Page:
Researchers find piece of autism puzzle
Autism spectrum disorders (ASDs) have a complex inheritance pattern. Despite researchers having identified rare variants in synaptic proteins in patients with ASD, little work has been carried out to determine the effect at the synapse and their interactions with other genetic variations ... until now. A European team of researchers has confirmed that synaptic mutations heightens the risk of ASD. The study, presented in the journal PLoS Genetics, was funded in part by the EUHFAUTISM ('European high-functioning autism network: translational research in a phenotypically well characterised sample') project, a Neuron-ERA-NET funded under the EU's Seventh Framework Programme (FP7) to the tune of almost EUR 370 000.
Researchers led by the Institut Pasteur in France combined genetic and neurobiological approaches to determine how ASD risk increases. They also found how modifier genes influence these disorders.
ASDs are a heterogeneous group of neurodevelopmental disorders with a complex inheritance pattern characterised by impairments in social interaction and communication. Repetitive behaviour also restricts them.
According to the researchers, ASDs emerge before the age of three years and affect 1% of children. More boys than girls have a higher risk of being affected by ASD. The researchers say a number of genes that play a role in ASD have been identified in patients with ASD. However, researchers have only recently begun learning about their effects on neuronal functions and their interaction with other genetic variations.
'The genetic causes of ASD are diverse, but the main category of genes associated with the disorder is related to the development and function of neuronal circuits,' the authors write. 'Mutations of genes coding for synaptic cell adhesion molecules and scaffolding proteins, such as neuroligins (NLGNs), neurexins (NRXNs) and SHANK, have been recurrently reported in patients with ASD. These proteins play a crucial role in the formation and stabilisation of synapses, as well as in synaptic homeostasis.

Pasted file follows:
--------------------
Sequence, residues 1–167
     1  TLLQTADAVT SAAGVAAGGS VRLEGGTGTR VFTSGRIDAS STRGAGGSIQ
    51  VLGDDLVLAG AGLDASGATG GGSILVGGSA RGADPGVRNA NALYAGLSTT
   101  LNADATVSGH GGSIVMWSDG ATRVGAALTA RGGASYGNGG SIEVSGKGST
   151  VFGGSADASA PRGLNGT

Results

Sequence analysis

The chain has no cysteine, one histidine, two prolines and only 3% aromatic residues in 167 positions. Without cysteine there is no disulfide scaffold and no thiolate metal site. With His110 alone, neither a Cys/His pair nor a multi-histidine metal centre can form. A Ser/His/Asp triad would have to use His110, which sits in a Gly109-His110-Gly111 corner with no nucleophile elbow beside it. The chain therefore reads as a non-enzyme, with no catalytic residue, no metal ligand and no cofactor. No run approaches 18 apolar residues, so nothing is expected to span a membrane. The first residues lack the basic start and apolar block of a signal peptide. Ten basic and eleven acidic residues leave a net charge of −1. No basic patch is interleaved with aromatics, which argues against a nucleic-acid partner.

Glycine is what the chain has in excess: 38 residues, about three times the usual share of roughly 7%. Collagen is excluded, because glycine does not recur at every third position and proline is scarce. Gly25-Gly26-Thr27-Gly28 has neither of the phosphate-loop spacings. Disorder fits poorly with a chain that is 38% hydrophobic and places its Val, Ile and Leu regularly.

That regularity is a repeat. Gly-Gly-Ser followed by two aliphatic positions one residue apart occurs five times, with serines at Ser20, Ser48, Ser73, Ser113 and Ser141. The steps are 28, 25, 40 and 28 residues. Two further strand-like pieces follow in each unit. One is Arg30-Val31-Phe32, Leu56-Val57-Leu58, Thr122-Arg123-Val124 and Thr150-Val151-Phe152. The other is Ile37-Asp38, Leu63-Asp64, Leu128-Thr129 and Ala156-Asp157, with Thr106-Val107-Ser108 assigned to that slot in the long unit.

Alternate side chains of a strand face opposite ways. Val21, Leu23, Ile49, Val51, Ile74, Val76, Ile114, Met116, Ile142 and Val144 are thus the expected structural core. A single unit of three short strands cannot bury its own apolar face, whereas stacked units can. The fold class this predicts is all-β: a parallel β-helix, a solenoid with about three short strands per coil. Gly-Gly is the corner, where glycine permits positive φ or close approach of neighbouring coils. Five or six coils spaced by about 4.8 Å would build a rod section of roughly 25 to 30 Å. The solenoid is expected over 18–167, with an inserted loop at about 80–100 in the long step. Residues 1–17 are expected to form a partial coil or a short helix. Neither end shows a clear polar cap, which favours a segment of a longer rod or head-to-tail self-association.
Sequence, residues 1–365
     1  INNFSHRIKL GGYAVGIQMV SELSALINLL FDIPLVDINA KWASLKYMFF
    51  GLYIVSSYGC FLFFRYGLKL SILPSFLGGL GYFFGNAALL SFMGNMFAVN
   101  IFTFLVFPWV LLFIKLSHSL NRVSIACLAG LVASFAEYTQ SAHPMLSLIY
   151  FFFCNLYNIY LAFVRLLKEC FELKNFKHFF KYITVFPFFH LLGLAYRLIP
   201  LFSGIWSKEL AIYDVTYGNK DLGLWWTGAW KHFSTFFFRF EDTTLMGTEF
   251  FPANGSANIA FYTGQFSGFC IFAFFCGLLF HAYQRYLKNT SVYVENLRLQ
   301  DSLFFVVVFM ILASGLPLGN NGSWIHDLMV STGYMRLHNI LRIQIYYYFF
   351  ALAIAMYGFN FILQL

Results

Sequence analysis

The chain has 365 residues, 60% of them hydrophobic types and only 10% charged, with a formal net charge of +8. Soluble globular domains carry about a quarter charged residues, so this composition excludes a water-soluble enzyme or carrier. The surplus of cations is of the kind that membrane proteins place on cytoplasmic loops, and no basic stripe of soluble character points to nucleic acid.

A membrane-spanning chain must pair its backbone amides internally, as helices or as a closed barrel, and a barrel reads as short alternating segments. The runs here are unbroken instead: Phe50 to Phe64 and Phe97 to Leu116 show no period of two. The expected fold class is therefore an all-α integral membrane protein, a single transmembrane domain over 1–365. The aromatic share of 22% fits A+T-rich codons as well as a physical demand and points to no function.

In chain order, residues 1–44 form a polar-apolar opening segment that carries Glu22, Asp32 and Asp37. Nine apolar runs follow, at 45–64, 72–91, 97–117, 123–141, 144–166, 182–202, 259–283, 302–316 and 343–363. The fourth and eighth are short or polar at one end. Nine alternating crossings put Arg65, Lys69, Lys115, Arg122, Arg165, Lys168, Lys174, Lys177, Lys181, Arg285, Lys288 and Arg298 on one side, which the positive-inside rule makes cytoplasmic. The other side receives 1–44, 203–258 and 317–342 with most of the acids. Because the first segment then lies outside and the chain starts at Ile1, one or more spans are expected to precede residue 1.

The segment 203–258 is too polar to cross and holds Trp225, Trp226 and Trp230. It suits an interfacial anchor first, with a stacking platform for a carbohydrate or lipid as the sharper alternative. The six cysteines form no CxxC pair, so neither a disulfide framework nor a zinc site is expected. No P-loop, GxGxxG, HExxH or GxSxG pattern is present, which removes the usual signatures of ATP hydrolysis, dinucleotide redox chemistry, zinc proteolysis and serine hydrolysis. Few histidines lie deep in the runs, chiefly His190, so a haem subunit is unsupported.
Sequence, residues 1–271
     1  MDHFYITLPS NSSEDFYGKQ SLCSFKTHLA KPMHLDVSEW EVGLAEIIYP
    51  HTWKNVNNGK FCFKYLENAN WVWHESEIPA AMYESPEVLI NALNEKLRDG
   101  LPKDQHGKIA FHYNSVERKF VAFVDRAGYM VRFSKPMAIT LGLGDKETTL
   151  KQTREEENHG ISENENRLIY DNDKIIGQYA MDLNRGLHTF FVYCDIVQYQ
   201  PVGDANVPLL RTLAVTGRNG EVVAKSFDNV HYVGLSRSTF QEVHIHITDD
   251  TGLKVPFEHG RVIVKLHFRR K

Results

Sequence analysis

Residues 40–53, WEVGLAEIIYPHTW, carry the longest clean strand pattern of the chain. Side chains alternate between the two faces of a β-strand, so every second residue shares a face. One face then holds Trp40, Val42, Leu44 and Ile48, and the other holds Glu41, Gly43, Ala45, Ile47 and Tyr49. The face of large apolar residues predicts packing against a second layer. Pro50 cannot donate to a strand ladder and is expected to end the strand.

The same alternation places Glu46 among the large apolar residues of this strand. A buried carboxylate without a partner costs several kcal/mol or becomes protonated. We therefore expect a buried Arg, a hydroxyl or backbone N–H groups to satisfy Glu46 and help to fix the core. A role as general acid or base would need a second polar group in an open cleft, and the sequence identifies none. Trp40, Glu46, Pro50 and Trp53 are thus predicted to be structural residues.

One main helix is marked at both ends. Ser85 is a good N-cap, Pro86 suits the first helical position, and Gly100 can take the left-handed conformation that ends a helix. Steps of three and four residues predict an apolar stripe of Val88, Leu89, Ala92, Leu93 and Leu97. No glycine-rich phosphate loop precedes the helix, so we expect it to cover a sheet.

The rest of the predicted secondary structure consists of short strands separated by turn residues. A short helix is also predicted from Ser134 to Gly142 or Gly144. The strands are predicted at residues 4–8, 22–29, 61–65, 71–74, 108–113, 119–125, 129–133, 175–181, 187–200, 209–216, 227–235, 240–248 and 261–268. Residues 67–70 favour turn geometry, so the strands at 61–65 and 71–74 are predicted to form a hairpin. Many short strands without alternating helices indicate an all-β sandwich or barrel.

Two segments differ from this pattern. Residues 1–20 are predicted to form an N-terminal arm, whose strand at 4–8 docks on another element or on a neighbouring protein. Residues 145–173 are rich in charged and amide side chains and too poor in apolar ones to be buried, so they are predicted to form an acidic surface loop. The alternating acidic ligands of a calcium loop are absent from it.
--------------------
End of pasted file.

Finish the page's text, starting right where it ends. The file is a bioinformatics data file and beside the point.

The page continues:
'SHANK2 and SHANK3 code for scaffolding proteins located in the postsynaptic density (PSD) of glutamatergic synapses. Deletions of ProSAP2/SHANK3 at chromosome 22q13 are one of the major genetic abnormalities in neurodevelopmental disorders, and mutations of ProSAP2/SHANK3 have been identified in patients with ASD, intellectual disability (ID) and schizophrenia. Mutations of ProSAP1/SHANK2 have also recently been reported in both ASD and ID. The difference in clinical outcome of mutation carriers has been attributed to the presence of still uncharacterised additional genetic, epigenetic and/or environmental factors.'
Commenting on the significance of the findings, the Institut Pasteur's Thomas Bourgeron says they emphasise the importance of a synaptic gene dysfunction in ASD, and they underline a role for modifier genes confirming 'a multiple hit model for ASD. A better knowledge of these genetic interactions will be necessary to understand the complex inheritance pattern of ASD'.
Experts from Canada, Finland, France, Germany, Italy, the Netherlands, Portugal, Sweden and the United Kingdom contributed to this study.